We need to remember that Autism and Autistic Spectrum Disorder, along with all other Diagnosis, is just a label. It does not outline your child's individual strengths and struggles. It is merely a checklist of boxes that your child falls in to. If he or she falls in to the category of enough boxes, they will receive a diagnosis of ASD. Your child will have struggles in three areas:
This doesn't mean that your child can't talk, isn't motivated for any social interaction or exhibits challenging behaviour. Your child may try to speak, but just not as much as his peers.
Alternatively, he or she may talk much more than his or her peers, and about something which is of his choosing and perhaps not too relevant to the other person. If your child does communicate, he may not be able to follow communication cues. He or she may butt in to conversations,
This doesn't mean that your child can't socialise or doesn't want to socialise. It may mean that your child doesn't understand social cues when out and about, in the classroom or at home. It may mean that he or she struggles in certain situations, experiences upset or anxiety or just has a few 'querks' which make him stand out from the crowd in not the most desirable way. On the other hand, it may mean that your child doesn't make any attempt to initiate or maintain social contact. He or she may not greet people, may not reference them and may be completely in her or his own world.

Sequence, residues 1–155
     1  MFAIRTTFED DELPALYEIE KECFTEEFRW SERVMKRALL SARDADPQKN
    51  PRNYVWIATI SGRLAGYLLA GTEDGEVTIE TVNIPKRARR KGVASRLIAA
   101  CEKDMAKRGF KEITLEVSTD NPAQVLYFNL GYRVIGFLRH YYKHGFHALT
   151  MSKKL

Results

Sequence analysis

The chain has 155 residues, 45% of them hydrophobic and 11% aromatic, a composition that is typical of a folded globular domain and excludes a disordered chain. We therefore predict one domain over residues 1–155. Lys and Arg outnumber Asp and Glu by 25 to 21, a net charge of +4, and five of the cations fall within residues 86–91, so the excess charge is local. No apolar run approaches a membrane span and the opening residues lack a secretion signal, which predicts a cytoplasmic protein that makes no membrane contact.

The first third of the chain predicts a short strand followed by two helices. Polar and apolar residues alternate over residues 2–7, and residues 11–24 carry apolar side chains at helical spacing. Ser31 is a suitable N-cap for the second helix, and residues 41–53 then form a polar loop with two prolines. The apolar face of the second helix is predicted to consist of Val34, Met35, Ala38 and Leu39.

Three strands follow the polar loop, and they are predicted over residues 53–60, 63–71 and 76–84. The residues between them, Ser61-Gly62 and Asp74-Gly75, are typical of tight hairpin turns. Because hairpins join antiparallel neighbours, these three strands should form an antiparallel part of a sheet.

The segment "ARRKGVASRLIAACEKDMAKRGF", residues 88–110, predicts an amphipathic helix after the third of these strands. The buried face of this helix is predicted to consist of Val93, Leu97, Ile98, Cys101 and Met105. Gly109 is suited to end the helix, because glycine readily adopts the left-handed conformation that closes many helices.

A diagnosis of ASD does mean that your child has a struggle in the area of, 'behaviour', however this doesn't necessarily mean that your child has frequent 'meltdowns'. Your child may engage in self-injurious behaviour or behaviour that puts others at risk. It may mean that your child has tantrums, often screams and shouts and can't express his frustration appropriately. It may mean that your child runs away. On the other hand, your child may be the child who is the 'good boy' or 'good girl' at school. He or she may be too quiet in class and at break-time. He may not disrupt the class, but he may not participate or be getting the most out of the enviornments that he is in. Motivation is also something that falls in to this area of struggle. Your child may have unusual motivations. He or she may be too motivated for certain items or activities or he or she may have very little motivation for hardly anything at all. Your child may be the child who is only motivated to make himself sick, the child who is only motivated to play with a piece of string or fluff on the floor. Your child may be the child who has to play with his 22 trains in the same order, every day.
Whatever strengths and struggles your child has, we are here to help. You can contact us at any time on:
info@networkinterventions or UK 03333 440 201